In this dissertation, I examined how motivation and sensory cue perception influence the behavioral choices of hermit crabs. I began by reviewing behavioral experiments that have demonstrated the underlying sensory processing of visual, chemical, and tactile information in crustaceans and propose a novel behavior model entitled "Contextual Decision Hierarchies" in which sensory modalities vary in relative influence on behavior depending on context. This behavioral model was tested in a series of four experiments. In the first experiment, I tested whether the hermit crab, Pa gurus samuelis, deprived of food, shells, or both will respond differently from control hermit crabs when presented with food and shells concurrently. Differences in the number of contacts with each resource and the time elapsed before choosing a resource confirmed that deprivation increased motivation to acquire either food or shells. Results further indicated that being shell-less is a stronger motivation than being starved, such that finding shelter takes priority over finding food when both are needed. Next, I examined the relative influence of sensory information on shell acquisition behavior of hermit crabs by presenting visual, chemical, and tactile cues of shell availability in a factorial manner to hermit crabs removed from their shells. During shell acquisition, tactile cues were primary while visual and chemical information was secondary. In the third experiment I tested the relative influence of the same sensory modalities on foraging behavior. In contrast to shell-seeking, chemical cues were primary in food acquisition while visual and tactile cues were secondary. In both of these experiments, even though primary cues elicited the shortest decision times, in the absence of the primary cue, secondary cues could still be used to make appropriate decisions, albeit with significantly longer decision times. In the final experiment, I investigated the relative influence of visual, chemical, and tactile cues of the predator, Pachygrapsus crassipes, on anti-predatory behavior of the hermit crab, Pa gurus samuelis. Results indicated that visual cues are primary in detecting and avoiding predators, while chemical and tactile cues are secondary. These experiments suggest that for the hermit crab, Pa gurus samuelis, information is arranged in Contextual Decision Hierarchies.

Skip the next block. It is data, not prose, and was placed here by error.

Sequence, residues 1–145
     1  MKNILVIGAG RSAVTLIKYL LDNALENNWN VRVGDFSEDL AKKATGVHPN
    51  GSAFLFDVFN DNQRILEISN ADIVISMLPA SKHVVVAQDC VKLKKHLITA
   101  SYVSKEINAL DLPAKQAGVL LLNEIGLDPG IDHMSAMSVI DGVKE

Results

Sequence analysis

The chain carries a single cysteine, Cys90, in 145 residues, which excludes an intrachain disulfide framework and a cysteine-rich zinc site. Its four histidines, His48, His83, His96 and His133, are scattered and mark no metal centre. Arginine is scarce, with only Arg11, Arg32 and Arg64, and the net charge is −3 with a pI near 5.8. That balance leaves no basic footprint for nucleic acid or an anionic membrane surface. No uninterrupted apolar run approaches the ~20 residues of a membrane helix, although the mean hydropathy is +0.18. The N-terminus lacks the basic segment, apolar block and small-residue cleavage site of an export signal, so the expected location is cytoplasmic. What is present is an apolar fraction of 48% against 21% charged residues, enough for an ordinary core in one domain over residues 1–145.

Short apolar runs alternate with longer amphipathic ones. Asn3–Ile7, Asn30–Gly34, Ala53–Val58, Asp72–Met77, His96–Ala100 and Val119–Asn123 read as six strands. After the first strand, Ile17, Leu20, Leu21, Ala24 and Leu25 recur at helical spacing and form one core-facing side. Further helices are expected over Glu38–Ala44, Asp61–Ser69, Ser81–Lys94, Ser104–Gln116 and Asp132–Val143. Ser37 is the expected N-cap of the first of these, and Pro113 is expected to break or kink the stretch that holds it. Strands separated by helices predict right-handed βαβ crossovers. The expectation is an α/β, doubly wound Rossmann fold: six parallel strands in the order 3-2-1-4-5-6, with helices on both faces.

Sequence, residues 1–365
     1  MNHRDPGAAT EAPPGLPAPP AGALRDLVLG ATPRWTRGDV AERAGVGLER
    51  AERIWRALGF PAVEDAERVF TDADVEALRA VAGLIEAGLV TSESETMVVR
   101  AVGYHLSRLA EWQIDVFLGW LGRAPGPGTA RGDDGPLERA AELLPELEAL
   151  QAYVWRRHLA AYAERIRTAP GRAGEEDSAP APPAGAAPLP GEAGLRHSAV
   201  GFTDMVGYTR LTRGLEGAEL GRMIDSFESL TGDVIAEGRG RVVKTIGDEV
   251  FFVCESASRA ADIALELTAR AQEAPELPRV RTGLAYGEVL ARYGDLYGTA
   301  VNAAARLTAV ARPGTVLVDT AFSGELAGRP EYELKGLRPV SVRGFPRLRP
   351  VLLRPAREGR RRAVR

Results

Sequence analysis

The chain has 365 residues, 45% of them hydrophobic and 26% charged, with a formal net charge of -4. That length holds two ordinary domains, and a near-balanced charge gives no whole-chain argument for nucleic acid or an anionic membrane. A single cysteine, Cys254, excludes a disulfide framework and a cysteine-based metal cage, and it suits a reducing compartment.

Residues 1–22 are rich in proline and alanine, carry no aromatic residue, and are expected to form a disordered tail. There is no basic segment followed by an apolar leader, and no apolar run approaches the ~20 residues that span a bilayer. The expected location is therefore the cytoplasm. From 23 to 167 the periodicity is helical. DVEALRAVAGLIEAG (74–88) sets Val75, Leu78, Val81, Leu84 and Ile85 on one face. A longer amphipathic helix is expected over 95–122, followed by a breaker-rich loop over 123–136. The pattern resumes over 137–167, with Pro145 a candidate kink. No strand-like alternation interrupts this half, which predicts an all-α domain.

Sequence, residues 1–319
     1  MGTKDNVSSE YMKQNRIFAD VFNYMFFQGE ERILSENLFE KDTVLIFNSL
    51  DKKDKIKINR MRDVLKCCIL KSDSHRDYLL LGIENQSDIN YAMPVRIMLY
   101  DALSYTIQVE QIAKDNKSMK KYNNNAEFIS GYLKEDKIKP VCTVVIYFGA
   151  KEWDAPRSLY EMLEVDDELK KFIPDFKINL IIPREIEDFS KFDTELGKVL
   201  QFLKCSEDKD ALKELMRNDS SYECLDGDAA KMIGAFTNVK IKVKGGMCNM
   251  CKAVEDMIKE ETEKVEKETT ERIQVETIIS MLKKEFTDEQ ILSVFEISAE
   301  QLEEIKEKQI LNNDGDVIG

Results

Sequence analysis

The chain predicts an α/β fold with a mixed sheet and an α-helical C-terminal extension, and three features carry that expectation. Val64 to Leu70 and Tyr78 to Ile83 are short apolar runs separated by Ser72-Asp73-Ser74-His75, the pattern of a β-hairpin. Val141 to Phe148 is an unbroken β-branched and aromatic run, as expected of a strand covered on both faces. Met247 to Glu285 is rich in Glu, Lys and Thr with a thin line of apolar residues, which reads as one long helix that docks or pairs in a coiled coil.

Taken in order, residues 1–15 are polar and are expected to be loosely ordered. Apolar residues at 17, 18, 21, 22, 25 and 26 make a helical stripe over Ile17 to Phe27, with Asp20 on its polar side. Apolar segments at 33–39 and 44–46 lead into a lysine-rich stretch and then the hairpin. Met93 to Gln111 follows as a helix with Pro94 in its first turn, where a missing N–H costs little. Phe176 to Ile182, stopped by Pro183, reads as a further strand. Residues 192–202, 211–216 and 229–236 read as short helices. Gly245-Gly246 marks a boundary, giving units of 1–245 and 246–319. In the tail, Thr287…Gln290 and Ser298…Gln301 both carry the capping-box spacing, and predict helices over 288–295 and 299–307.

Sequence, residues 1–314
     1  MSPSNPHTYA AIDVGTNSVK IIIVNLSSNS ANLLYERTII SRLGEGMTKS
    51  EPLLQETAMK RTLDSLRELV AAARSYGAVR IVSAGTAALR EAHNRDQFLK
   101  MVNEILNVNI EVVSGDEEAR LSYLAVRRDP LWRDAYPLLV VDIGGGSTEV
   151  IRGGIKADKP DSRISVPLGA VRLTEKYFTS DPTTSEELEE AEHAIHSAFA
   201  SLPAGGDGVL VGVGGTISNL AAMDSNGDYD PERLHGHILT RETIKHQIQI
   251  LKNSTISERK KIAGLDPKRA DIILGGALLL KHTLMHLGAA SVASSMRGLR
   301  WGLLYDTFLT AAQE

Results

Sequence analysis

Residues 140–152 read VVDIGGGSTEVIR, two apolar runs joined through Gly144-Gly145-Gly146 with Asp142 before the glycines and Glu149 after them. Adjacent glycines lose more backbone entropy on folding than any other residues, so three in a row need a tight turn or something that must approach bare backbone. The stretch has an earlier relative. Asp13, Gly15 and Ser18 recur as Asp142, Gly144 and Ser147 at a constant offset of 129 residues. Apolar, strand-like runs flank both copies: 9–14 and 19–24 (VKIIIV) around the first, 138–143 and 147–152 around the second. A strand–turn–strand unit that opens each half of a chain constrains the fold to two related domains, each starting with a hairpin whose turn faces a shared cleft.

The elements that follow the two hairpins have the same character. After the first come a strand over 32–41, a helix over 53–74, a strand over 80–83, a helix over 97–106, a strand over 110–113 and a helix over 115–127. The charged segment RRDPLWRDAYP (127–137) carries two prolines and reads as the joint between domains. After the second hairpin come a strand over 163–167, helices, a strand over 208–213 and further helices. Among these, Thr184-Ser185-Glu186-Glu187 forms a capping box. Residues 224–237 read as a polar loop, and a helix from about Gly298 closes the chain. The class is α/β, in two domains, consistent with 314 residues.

LLU Discipline





School of Science and Technology

First Advisor

Stephen G. Dunbar

Second Advisor

Leonard R. Brand

Third Advisor

Ronald L. Carter

Fourth Advisor

L. James Gibson

Fifth Advisor

William K. Hayes

Degree Name

Doctor of Philosophy (PhD)

Degree Level


Year Degree Awarded


Date (Title Page)




Library of Congress/MESH Subject Headings

Pagurus samuelis; Adaptation (Biology); Decision-making; Behavior modification.



Page Count

xii: 155

Digital Format


Digital Publisher

Loma Linda University Libraries

Usage Rights

This title appears here courtesy of the author, who has granted Loma Linda University a limited, non-exclusive right to make this publication available to the public. The author retains all other copyrights.


Loma Linda University Electronic Theses and Dissertations

Collection Website



Loma Linda University. Del E. Webb Memorial Library. University Archives

Included in

Biology Commons